COLUMBIA, S.C. — A South Carolina state lawmaker is calling for the removal of a State House statue memorializing a figure whom defended lynching, killed, and disenfranchised Black South Carolinians, according to a historian.
Benjamin Tillman's statue has been on the State House grounds for 80 years.
Otherwise known as 'Pitchfork Ben,’ Tillman served as Governor and a United States Senator.
Not to be confused with a Confederate memorial, Tillman lost his eye in an accident early in life and never served in the Civil War.
USC professor and public monument expert Thomas Brown said Tillman rose to prominence during the Reconstruction Era.
“Tillman comes to power, first as Governor, and implements his program which a key part is the Constitution of 1895, disenfranchisement of African Americans, and then enters the United States Senate and serves in the Senate until his death. He was-- in the Senate he was not a big figure in the Senate, he particularly made waves because he was an outspoken defender of lynching in the South,” Brown said.
Tillman also participated in the Hamburg massacre, according to Brown’s recounting.
“This event that grew out of white resentment of Black militia parade in what is now North Augusta, basically, the incident culminates in basically the execution-style killing of a half dozen African Americans,” Brown continued.
Now, as protesters have gathered at the State House for over a week to protest the death of George Floyd, state Representative and Columbia Democrat Seth Rose said it's time for Tillman to go.
“I think we need to objectively review the statues and monuments that we have on this public property, a place where people should be able to assemble and not have statues of individuals that promoted racial injustice, promoted the killing of African Americans, and took great joy and pride to their dying days with doing so,” Rose said a few feet from the statue on Monday.
Rose introduced a resolution to remove the statue, which cannot be considered this year due to General Assembly rules.
Lawmakers have already approved the proposed measures they’re able to come back and discuss later this year, after the regular session was disrupted by the COVID-19 pandemic.
Rose’s resolution, which was not approved by the House or Senate, cannot be debated later this year.
Rose said he will pre-file it for 2021’s session as soon as he’s able to do so.
“We need leaders that are standing up and speaking out now,” Rose said.
The Columbia Democrat also wants a committee to review other monuments on the State House grounds. He also called on Governor Henry McMaster to denounce the monument.
However, there is an existing State House Committee, under the leadership of Senate President Harvey Peeler, which can review alterations or renovations to the property.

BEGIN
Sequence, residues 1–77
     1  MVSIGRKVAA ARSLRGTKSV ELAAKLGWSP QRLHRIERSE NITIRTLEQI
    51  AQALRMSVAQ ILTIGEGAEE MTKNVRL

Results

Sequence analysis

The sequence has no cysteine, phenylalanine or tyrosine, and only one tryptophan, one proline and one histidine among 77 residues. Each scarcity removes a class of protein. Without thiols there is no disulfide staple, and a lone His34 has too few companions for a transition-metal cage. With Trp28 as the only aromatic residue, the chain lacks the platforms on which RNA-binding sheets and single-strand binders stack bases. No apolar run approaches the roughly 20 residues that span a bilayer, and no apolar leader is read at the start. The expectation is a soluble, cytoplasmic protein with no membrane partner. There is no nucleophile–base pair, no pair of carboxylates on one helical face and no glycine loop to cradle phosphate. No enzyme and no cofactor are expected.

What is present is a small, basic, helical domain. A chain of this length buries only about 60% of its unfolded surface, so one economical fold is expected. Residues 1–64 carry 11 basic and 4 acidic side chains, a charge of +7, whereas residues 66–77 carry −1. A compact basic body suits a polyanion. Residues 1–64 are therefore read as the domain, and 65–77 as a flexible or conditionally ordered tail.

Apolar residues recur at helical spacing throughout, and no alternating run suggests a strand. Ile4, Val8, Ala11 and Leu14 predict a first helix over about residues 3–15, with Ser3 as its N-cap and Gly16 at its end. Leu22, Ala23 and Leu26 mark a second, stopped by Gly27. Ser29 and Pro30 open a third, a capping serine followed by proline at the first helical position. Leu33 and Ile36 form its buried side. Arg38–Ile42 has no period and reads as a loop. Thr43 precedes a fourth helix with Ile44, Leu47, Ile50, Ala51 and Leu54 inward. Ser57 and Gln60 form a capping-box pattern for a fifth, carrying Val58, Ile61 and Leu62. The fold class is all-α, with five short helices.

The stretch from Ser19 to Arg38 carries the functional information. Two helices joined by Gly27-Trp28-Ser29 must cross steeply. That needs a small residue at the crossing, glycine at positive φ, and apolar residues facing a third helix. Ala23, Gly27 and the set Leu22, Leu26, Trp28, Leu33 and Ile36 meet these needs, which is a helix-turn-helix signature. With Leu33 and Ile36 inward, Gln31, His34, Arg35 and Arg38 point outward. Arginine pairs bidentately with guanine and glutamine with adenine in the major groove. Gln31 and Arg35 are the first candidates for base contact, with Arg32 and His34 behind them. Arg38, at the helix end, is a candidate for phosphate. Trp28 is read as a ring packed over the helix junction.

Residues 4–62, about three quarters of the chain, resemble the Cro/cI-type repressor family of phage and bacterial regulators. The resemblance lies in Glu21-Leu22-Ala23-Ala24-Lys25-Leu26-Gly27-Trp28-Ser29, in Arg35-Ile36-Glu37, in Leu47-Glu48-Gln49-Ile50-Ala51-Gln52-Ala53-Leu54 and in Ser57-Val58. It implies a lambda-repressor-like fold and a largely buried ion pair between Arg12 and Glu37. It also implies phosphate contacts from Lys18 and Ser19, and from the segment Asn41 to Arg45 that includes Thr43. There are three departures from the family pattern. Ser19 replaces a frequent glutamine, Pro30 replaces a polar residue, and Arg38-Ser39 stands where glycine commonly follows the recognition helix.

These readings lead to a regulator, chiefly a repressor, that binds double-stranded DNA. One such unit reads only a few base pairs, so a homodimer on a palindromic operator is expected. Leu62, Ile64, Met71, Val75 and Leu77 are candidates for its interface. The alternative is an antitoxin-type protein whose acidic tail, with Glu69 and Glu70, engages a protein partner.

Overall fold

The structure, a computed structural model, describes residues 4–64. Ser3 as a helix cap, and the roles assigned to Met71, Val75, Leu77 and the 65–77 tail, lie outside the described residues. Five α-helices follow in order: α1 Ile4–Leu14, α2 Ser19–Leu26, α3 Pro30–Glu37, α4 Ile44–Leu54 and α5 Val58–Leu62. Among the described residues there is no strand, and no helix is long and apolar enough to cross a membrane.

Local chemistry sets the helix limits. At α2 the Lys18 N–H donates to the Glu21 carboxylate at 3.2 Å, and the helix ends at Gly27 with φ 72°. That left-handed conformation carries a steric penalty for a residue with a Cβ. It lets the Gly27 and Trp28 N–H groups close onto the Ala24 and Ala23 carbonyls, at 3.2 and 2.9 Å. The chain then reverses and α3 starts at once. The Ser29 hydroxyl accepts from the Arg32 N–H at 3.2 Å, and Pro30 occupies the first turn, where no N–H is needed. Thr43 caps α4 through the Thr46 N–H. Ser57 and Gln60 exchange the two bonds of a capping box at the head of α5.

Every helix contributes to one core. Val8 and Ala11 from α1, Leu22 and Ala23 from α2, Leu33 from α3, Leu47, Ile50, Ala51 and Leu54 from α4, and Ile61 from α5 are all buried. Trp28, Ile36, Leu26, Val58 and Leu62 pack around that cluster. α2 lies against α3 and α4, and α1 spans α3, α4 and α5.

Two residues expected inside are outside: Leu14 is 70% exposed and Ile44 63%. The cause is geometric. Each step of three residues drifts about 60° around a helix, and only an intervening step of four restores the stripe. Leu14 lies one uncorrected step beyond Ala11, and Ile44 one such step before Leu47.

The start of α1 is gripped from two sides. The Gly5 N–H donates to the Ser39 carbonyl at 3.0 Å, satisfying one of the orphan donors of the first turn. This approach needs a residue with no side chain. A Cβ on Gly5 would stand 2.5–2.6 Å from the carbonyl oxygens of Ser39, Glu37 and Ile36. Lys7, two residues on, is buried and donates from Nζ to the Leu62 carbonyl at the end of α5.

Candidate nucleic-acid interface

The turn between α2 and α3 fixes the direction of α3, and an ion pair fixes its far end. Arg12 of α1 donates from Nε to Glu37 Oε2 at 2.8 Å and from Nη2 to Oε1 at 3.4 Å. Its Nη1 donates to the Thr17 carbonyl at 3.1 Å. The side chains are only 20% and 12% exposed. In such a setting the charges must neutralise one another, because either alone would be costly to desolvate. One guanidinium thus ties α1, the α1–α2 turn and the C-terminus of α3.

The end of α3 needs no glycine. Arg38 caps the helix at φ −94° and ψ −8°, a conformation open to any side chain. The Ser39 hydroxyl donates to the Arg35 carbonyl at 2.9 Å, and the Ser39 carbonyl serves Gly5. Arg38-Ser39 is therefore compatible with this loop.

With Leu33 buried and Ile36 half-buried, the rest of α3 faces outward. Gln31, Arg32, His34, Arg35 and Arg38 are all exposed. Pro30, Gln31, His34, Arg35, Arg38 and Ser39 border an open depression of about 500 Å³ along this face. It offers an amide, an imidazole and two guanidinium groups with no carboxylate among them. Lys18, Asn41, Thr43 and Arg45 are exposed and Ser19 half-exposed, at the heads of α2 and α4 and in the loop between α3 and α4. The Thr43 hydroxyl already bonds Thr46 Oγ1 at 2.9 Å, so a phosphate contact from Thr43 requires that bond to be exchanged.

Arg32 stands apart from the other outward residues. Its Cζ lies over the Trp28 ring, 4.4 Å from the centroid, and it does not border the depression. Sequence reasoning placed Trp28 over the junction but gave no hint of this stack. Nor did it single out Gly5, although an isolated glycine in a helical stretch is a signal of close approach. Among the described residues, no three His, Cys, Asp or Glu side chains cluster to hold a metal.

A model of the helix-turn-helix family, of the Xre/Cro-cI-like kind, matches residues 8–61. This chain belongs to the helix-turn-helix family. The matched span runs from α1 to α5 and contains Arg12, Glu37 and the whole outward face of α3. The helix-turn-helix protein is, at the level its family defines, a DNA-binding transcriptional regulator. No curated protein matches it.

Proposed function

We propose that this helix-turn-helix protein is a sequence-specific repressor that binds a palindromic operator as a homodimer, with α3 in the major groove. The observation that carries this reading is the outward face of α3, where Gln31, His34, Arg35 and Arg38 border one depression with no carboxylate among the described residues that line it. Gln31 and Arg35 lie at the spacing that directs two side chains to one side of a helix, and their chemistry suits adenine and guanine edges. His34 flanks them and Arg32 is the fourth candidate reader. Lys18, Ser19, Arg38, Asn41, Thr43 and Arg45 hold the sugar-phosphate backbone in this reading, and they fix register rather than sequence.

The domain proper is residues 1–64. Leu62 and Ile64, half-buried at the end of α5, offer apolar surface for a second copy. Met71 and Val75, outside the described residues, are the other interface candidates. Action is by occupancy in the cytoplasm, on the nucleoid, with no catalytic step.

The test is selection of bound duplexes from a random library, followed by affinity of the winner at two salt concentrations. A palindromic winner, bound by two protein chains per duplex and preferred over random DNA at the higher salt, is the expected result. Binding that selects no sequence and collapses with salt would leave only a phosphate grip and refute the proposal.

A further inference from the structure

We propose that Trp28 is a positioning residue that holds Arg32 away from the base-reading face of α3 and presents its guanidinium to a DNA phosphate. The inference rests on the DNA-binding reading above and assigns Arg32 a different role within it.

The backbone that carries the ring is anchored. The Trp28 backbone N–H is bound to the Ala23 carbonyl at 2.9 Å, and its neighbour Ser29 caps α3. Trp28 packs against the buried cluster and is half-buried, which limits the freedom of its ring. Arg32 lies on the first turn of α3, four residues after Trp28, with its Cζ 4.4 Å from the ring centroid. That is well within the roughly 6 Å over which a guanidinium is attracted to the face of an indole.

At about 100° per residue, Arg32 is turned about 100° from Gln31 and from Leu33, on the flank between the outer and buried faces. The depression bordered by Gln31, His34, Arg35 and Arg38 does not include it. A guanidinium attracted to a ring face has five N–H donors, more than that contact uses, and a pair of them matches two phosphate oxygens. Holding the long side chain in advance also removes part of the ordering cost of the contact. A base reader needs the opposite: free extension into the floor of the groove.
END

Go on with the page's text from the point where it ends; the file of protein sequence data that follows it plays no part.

The Heritage Act, which passed in 2000, also prohibits the relocation, removal, distribution, or alteration of monuments related to, “The Revolutionary War, War of 1812, Mexican War, War Between the States, Spanish-American War, World War I, World War II, Korean War, Vietnam War, Persian Gulf War, Native American, or African-American History monuments or memorials erected on public property of the State or any of its political subdivisions.”
However, it is possible if a removal proposal receives two-thirds majority in both chambers of the General Assembly.
Brown said the law may not apply since Tillman’s statue likely is not considered a war memorial.
Tillman, who did not serve in the Civil War or World War I, would not classify. However, a section of one of the plaques on the statue recognizes Tillman’s service on the Senate Committee of Naval Affairs during the First World War.
When asked why Rose started with Tillman’s statue and not other Confederate memorials at the State House, Rose said Tillman’s personal history was, “Grotesque.” Brown agreed.
“He’s a particularly despicable figure, it’s a very reasonable place to start re-examining the landscape of the State House,” Brown said.
At a campaign event Monday, Republican Senator Lindsey Graham weighed in.
“I'll let them figure that out. I mean do we remove George Washington's monument in D.C.? I mean I don't know where all this stops,” Graham said.
Brown said the timing of the statue, dedicated in 1940, is important to the story as well.
Interest in a Tillman statue grew in 1929, but funding ran out of steam during the Great Depression. Eventually, $16,000 in state and private funds were used in 1940 to finally place the statue on the grounds.
At the same time, the NAACP was actively pushing federal anti-lynching legislation across the country in the mid-30s and early 40s, according to Brown.
“The rise of that issue is what fuels the new interest in the Tillman statue,” Brown said.
In a statement Monday afternoon, Governor Henry McMaster’s Communications Director Brian Symmes wrote the following:
“The Heritage Act provides a good framework for how to deal with these issues – it preserves historical monuments while allowing South Carolinians to voice their concerns through thoughtful and democratic debate among their elected representatives. That debate has proven to be important in the past and needs to be prioritized in making these decisions in the future."